What’s also very interesting is that feminist artist and journalist Coon managed The Clash from 1978-1980. A female manager of one of the biggest punk band in the world, goes on to design an ultra-iconic look for a movie about female punks that would go on to inspire huge feminist punk bands like Bikini Kill and Bratmobile – I just love that.

                                                                                                  Photo by Alina Blumberg on

There is an interesting character in the film which represents the wider societal change that was happening outside of punk. The female news reporter; Alicia Meeker who plays a big hand in The Stains rise to fame. Throughout the film she is challenged by her male co-reporter who dismisses The Stains and what they stand for. Alicia constantly overrides his point and promotes their upcoming live shows. She wasn’t a punk but a middle class sophisticated lady who admired the freedom these young girls displayed. Similarly Aunt Linda played by Christine Lahti is a suburban mother who has no relationship with her daughter or nieces and doesn’t inspire them to do great things. It’s revealed later in the film that this is in fact how she was treated, like she was nothing bound to become nothing. These sub plots are what makes the film special for me. They are realistic and heartwarming. It represents a genders’ struggle to be recognized as worthy and deserving of independence and freedom as men are.

Third degree snaps back at a girl in the audience who has a judgmental look on her face.

They have such big plans for this world, and they don’t include us! So what does that make you? Just another girl lining up to die’.

This was poignant for me as I’ve had experiences with girlfriends who didn’t aspire to do anything other than what was prescribed for them and didn’t understand me for not wanting that. The film’s creation also falls in between the second and third wave of feminism which saw disputes within the movement regarding sexuality and pornography regulations.
Third Degree’s clothing represents a liberation from conservative costuming of women up until that point. Her blouse is see through, exposing her breasts, she wears hot pants with tights and small heels.
The male news reporter, Stu challenges her on the irony of the look together with their mantra ‘we don’t put out’. Third degree replies ‘that’s not what it means’.


Kathleen Hanna of Bikini Kill


This foreshadowed Bikini Kill’s Kathleen Hanna’s aesthetic and political performance art of drawing the word ‘slut’ on her stomach.



I came across The Fabulous Stains film about ten years ago as a teenager, desperate for content that reflected the subculture I was so intrigued by; Punk, and a socio-political movement that has been an inherent part of who I’ve been from a young age – feminism. I would search on google – films about punks – films about alternative girls – films about subcultures.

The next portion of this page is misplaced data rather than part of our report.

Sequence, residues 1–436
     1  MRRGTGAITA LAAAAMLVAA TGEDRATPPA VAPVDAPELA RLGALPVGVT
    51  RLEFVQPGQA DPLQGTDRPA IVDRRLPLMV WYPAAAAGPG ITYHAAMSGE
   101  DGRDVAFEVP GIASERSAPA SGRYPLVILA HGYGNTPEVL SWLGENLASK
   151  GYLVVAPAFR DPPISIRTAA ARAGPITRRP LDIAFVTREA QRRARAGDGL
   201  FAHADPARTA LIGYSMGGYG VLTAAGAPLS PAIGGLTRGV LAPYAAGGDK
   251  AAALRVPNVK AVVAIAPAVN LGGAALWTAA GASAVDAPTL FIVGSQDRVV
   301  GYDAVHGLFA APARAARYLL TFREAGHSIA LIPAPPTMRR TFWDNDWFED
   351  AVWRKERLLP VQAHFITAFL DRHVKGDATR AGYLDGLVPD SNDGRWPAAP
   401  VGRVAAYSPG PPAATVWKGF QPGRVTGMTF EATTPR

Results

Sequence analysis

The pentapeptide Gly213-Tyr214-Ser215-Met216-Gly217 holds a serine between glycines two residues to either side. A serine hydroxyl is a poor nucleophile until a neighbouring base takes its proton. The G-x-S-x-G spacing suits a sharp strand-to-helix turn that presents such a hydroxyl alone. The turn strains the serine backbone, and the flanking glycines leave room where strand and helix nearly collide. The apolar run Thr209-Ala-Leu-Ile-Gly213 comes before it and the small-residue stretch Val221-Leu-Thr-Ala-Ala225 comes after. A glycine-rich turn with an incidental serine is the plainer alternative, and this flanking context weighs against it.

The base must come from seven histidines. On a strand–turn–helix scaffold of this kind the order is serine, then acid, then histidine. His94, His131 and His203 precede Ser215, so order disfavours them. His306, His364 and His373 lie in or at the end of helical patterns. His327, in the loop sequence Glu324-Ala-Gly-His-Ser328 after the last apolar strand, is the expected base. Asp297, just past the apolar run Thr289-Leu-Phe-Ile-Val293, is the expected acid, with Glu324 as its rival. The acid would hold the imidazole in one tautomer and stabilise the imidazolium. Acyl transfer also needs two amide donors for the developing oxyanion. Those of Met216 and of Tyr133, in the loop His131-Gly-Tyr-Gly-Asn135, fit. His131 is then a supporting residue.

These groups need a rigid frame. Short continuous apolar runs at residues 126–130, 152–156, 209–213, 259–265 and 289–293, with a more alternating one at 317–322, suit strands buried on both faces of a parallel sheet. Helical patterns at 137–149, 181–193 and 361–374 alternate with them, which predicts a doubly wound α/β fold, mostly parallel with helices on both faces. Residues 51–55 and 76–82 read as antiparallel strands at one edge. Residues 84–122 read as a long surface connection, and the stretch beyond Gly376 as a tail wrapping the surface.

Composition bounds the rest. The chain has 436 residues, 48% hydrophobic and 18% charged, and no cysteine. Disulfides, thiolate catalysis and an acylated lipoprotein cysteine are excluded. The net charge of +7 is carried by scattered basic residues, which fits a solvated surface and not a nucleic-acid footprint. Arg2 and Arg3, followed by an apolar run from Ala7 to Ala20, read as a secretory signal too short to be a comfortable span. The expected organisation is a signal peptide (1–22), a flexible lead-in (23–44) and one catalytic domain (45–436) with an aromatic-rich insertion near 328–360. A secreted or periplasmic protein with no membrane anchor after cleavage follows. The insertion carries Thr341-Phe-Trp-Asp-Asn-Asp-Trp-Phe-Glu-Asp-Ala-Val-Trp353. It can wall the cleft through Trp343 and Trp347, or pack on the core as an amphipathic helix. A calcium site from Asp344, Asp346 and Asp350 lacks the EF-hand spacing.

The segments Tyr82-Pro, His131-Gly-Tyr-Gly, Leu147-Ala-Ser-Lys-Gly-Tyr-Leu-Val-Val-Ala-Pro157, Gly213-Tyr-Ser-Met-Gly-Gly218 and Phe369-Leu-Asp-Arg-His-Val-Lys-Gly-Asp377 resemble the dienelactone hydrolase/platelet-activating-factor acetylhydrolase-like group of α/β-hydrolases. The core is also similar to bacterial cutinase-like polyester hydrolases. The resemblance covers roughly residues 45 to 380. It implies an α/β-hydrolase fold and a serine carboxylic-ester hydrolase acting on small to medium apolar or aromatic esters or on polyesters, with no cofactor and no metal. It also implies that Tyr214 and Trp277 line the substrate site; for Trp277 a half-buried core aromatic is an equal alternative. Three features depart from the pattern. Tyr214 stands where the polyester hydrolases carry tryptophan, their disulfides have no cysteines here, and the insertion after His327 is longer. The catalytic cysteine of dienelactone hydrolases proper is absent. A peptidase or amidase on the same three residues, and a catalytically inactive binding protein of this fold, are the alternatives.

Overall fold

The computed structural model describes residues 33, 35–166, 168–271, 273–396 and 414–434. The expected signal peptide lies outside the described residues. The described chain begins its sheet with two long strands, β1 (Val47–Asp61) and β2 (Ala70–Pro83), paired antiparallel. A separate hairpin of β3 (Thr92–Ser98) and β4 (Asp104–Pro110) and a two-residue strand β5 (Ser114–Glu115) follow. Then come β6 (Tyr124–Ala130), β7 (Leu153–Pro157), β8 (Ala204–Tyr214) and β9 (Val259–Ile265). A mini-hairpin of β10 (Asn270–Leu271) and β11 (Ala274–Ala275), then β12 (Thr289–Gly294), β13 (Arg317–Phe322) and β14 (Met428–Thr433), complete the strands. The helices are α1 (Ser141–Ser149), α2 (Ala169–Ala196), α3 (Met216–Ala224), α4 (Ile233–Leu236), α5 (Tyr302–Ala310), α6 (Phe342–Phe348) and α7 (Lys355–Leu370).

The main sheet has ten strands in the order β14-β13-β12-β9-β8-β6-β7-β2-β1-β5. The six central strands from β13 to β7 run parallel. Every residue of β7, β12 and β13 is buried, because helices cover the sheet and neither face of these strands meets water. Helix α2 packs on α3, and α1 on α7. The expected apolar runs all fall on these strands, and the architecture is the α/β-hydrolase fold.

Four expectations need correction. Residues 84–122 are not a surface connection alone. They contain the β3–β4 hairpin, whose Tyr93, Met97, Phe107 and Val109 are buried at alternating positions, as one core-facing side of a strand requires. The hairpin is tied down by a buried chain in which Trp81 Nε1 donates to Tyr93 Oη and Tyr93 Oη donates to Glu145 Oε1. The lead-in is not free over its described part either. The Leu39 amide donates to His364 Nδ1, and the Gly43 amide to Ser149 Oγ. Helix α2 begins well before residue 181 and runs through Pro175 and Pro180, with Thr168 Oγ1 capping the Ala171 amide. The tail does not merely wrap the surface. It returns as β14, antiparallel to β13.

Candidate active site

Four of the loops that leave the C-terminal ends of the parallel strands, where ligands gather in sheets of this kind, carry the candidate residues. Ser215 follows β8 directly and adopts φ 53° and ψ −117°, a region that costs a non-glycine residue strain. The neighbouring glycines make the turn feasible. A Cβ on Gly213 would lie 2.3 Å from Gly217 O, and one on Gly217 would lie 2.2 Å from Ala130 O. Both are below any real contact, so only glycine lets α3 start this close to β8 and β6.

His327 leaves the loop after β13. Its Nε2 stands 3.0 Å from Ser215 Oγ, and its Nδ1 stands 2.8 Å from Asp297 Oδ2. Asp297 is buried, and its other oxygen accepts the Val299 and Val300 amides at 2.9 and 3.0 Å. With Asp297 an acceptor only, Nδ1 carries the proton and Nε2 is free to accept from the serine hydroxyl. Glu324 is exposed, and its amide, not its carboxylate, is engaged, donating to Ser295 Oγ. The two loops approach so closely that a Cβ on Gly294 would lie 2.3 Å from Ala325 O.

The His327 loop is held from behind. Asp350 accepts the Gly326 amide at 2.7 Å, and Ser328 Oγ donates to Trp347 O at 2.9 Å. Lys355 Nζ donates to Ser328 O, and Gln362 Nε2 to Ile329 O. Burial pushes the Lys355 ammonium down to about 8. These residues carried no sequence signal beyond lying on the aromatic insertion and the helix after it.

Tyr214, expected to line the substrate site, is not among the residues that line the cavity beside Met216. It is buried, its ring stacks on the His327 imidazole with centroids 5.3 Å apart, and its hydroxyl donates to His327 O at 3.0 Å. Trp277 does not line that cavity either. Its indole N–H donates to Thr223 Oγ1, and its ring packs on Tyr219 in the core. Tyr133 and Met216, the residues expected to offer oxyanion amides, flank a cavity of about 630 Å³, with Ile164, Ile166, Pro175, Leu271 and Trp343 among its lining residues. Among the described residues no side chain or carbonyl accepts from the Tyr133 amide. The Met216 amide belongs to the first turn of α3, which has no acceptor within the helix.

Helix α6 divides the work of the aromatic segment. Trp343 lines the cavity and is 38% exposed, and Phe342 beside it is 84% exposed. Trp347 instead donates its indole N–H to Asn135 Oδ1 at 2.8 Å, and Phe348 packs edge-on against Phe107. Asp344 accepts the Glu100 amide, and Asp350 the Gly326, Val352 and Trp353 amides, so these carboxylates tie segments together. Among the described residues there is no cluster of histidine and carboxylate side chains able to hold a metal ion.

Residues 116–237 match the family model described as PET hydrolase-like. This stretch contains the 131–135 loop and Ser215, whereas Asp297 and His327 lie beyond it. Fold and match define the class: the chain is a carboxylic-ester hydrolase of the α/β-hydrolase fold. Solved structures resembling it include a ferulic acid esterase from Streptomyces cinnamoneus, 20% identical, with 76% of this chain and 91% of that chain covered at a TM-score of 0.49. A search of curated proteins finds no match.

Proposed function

I was looking for media that inspired me that was not readily available at the cinema or easily accessible on DVD ( yes my early teens consisted on DVDs still – just before online streaming was the way to do it)

On first watch, I automatically loved the character Corinne ‘third degree’ Burns, portrayed by Diane Lane. She was so ballsy and rejected all men. This is the kind of feminism that I first learned about and it suited me just fine at the time, when I disliked almost all the men around me and truly believed women were just better all around, more superior than men even. Growing up in a half Italian, half English family environment, I grew frustrated at the stereotypical expectations of women and outright dismissal of girls doing traditionally ‘male’ things, like getting tattoos or simple not aspiring to the path paved out for me as a woman.


The’ Skunks’



There is strange taste when I watch the film at how quickly the female fans turn on The Stains and their fearless leader ‘Burns’. Where is the line drawn between being inspired and outright copying an identity.
It is actually The Looter’s former agent Dave Robell who capitalizes on the unique look by selling the blouses, hair dye and hot pants at the merch stand at their live shows which resulted in a ‘uniform’.
Unfortunately the girls were so young they didn’t understand the danger of this.






I do however think the aspect of the skunk uniform is indicative of how un-unique punk became. Everyone ended up looking the same and had the same ideas without actually thinking anything at all. It’s clear now who has survived and who died, drug riddled morons with no motivation to fix the issues they so readily shouted about.
The film was able to show that punk unfortunately became an aesthetic with no substance behind it to carry it through to future generations in the same manner – thank God. The Stains demonstrated that anyone can sing angry songs with an antagonistic get up, but how do you garner a following, a true dedicated fan base who will stick with you?
By having an original idea in the first place?
Or betraying those who betray you?
Tit for tat – that’s the moral of this story, ha!
No, I appreciate the way in which the film documented a moment in time and showcased the struggle for women to even give themselves a chance at a life, let alone others.

Photography sources:

The Looters Image source from :
The Stains pic:(coat) Image sourced from:

The Stains pic: Image sourced from:

Caroline Coon picture sourced from:

Kathleen Hanna – ‘Slut’ photo : Photograph sourced from:

Group Skunk photo: